Publicidad | Vea su anuncio aquí

Pablo Escobar’s son on El Chapo and 'Forbes' – and 'Forbes' response

Pablo Escobar’s son on El Chapo and 'Forbes' – and 'Forbes' response

Pablo Escobar’s son on El Chapo and 'Forbes' – and 'Forbes' response

Sebastián Marroquín says he's survived almost ten kidnapping attempts due to Forbes' estimates of his father's wealth of $3 billion.

Getty Images
Pablo Escobar’s son on El Chapo and 'Forbes' – and 'Forbes' response

Sebastián Marroquín

- Getty Images

Last week, Michael Noer, Executive Editor for Special Projects at Forbes, took some time to speak with Univision News and explain how Mexican drug lord Joaquín “El Chapo” Guzmán ended up on Forbes' latest "World’s Most Powerful People" list.

“We believe Guzmán is a billionaire,” said Noer. “We look at the number of people they have power over. So here you’re not just talking about people here inside the cartel, you’re talking about both the Mexican and the U.S. governments, about all the drug users and geopolitics as he’s extending into Central America and Guatemala.” 

Forbes, which, along with competitors such as Fortune, closely monitors the world’s wealth, has also reported that “the DEA (Drug Enforcement Administration) has come to believe that Guzmán’s power now surpasses the influence and reach of Pablo Escobar, the Colombian drug lord who in the 1980s headed the Medellin Cartel.”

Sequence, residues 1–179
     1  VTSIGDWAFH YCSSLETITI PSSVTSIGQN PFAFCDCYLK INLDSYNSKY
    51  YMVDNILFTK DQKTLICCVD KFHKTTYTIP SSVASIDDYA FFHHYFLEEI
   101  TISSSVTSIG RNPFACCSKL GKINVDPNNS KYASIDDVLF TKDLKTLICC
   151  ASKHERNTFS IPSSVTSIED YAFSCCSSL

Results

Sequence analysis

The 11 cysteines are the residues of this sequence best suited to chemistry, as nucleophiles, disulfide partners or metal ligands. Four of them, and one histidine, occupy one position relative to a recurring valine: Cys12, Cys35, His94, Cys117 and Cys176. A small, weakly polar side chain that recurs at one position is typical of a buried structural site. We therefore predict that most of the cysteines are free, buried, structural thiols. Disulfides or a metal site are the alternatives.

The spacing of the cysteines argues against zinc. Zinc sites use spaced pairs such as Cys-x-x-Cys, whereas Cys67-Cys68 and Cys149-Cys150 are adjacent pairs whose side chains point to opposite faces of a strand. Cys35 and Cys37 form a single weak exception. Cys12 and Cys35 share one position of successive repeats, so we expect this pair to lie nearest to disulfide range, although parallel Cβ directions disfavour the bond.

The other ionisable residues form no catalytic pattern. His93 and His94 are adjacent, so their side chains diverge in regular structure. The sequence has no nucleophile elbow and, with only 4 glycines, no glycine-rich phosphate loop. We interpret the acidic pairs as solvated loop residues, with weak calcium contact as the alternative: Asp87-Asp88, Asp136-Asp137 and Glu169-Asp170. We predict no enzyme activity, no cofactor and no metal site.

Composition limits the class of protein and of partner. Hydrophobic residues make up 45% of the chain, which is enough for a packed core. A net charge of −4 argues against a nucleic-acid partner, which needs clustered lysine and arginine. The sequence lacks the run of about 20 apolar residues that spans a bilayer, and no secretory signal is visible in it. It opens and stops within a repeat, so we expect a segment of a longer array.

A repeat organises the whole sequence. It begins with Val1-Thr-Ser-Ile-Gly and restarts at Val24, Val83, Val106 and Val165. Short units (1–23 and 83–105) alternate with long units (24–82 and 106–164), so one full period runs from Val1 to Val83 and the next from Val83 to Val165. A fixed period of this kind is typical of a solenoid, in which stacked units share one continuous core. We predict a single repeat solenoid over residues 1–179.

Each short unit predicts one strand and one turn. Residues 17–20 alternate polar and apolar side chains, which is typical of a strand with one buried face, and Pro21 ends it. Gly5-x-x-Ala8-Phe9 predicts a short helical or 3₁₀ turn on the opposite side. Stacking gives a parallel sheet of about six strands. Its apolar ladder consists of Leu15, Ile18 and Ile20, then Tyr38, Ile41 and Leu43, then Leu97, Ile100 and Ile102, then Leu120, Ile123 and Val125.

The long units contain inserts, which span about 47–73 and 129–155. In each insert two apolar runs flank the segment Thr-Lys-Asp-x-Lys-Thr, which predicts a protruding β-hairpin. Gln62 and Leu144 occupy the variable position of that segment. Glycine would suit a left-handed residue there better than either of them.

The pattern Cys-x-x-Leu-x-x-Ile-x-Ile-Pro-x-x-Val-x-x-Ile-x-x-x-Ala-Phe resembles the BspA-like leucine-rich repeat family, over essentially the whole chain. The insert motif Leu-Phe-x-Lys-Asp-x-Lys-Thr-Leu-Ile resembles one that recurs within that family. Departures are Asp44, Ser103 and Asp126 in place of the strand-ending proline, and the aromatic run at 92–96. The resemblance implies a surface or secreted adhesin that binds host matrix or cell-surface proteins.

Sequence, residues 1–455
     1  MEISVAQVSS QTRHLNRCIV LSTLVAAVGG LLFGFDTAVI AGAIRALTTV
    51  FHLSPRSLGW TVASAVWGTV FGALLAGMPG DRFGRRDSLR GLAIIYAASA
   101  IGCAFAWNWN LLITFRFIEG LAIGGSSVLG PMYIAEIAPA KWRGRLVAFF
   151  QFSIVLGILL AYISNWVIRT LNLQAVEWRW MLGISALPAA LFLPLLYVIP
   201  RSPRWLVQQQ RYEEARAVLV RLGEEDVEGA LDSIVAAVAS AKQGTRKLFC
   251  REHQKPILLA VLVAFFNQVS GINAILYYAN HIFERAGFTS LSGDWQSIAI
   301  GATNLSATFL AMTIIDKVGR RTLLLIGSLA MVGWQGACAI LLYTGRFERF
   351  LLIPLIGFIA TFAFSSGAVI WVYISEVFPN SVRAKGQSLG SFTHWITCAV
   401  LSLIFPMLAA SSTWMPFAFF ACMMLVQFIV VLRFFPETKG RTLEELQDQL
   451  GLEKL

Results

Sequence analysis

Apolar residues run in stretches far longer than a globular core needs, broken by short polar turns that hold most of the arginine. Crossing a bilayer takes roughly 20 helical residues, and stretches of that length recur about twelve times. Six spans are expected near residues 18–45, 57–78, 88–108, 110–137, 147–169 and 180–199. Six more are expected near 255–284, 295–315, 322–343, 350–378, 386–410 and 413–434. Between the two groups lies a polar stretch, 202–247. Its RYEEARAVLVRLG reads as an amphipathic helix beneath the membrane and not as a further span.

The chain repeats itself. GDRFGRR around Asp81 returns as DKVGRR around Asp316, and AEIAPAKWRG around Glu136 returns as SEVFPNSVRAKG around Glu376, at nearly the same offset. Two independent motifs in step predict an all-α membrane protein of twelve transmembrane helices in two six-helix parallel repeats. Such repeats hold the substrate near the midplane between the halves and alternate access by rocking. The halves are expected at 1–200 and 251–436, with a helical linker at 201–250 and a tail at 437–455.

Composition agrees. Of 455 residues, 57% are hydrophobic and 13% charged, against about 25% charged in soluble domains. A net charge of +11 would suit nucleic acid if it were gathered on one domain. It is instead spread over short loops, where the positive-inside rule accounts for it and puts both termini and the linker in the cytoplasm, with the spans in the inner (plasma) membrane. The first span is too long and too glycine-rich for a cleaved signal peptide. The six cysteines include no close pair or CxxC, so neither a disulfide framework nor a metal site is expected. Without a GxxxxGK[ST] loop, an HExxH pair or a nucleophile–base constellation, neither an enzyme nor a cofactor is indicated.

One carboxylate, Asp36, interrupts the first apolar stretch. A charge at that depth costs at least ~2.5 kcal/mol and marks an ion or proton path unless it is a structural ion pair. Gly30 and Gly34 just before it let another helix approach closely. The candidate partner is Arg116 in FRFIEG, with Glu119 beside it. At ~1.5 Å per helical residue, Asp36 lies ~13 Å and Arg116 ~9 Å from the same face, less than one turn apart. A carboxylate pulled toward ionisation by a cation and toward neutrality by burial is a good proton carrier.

Conjecture about El Chapo's ever-growing power and wealth, combined with comparisons to Escobar and his inclusion on lists such as Forbes' "Most Powerful People," are combining to write a new Latin American folklore, for better or worse. 

That’s why we decided to talk to Pablo Escobar’s son and ask him what he thought about the current rhetoric and perception surrounding El Chapo.

Juan Pablo Escobar Henao, who now lives under the assumed name Sebastián Marroquín, first chose to tell his story as Pablo Escobar’s son in the 2009 documentary, Sins of My Father. In 1995, he fled Colombia with his mother and sister, in search of asylum. He eventually became an architect, and is now very outspoken about his father’s life and "profession" – one that should not be repeated, he insists.

Marroquín told Univision News he now sees economic power – the one that media companies, such as Forbes and Fortune deal with – as “the least important kind of power of all.”

“I’m more interested in the ‘inner power,’” Marrroquín said, “that which lives within each one of us and which pushes us above the biggest obstacles.”

He was very straightforward about Forbes.

“Forbes is lying,” Marroquín said. “Forbes couldn’t have, can’t, nor will they ever, have the access to the accounting books of mobsters needed to calculate their alleged fortunes, not even close to the real figures (and not all mobsters keep accounting books, my father was one). This is more a marketing bluff aimed at selling print and entertaining those who believe in the magic of the written word, which, once a quote or news article is printed and published, ‘everybody’ believes it.”

Marroquín said he was forced to "some ten kidnapping attempts” that came as a result of Forbes’ estimate of his father’s wealth.